Sunday, November 23, 2008

Posse cats

(Some of this post is graphic and shocking.)

I made a huge change in my life today, one that will affect me for many years: I have two cats now. I'd show you photos, but they've been here for two and a half hours and they haven't come out from under the couch yet.

On Friday, I thought I'd check out the little pet shops across town near the big Banwoldang intersection, just to see how much they charge for cats. (Ordinarily, I would never, ever buy an animal from a pet store, but there simply are no shelters here. None. Not one. And there's no way I, in my situation, could lure a stray and domesticate it.) Turns out that the pet shops just have dogs: tiny pups the size of your fist, from little breeds; the puppies are kept one per little plastic cubicle. There was one sleeping pup, a terrier I think, that may not even have his eyes open yet. This is a cruel, cruel country for animals, and I will have much more disturbing, disgusting information a few paragraphs down.

But this part of the post is light-hearted: I went to Hami Mami's, the American-style brunch restaurant inside Club That, the downtown jazz club/bar. As I was leaving, I asked the cook, whose English is pretty good, "Where would you go to adopt a cat in Daegu?" She said that less than ten minutes before, a woman had been in, asking if she knew anyone looking to adopt a cat! I left my phone and email with a vague hope that they might call me and headed to the bus stop. Two blocks down, I realized I had left my Mets cap and turned back. When I returned, the cook said the woman had just called, was right downtown, and would be back in five minutes. (I know the universe tugging at my sleeve when I feel it.)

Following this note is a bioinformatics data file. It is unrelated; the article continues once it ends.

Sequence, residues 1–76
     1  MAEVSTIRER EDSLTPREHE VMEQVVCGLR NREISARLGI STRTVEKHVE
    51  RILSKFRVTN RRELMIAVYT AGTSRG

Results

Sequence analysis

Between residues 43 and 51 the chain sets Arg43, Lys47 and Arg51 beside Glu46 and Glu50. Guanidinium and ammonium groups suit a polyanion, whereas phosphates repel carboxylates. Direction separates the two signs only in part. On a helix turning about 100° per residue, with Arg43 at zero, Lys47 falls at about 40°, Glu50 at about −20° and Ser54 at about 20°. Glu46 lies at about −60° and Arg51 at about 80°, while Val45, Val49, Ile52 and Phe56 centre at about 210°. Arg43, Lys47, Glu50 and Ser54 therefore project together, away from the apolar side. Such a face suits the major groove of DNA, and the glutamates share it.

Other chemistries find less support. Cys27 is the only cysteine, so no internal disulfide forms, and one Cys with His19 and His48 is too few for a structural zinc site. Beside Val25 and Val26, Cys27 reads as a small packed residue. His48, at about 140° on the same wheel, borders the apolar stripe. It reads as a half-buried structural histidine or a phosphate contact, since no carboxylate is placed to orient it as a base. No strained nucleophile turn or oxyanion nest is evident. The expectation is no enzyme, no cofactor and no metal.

When the woman got there, we did some pidgin communicating (cats among the pidgins?) and she showed me online photos of four six-month-old cats, from the same litter, that her friend was fostering, street cats she had been feeding that had finally allowed her to pet them and pick them up. One of them is nearly an identical twin of JP, my beloved tiger cat who died 13 years ago. The cook translated for me that that one "is friends" with the orange one, and that "they are man". I told her I was very interested in taking the gray/brown tiger, and maybe his orange brother to keep him company, and she said someone would call by Sunday (today).

Later that day, Heeduk told me that landlords don't rent to people with pets, although if you sign the lease and just move in with pets unannounced, they can't do anything to you, as the leases don't have no-pets sections. (Apparently they're not familiar with the concept of the damage deposit.) The thought of the difficulties of moving with a cat in Korea, perhaps several times, and eventually returning to the States with them had my head saying it would be nuts to adopt one, and totally insane to get two. My heart wanted the company, though, and I went around and around with it.

This is what I found out on the Web on Saturday: though many Koreans love dogs, there is a folk belief that eating dog, in addition to being a great meal, is a cure for impotence. Also, they believe that if the dog is in horrible pain for a long time, it enhances the flavor and the potency, due to the adrenalin in its muscles. So dogs, especially big yellow dogs (which are considered especially tasty) are generally tortured to death. I won't go into details.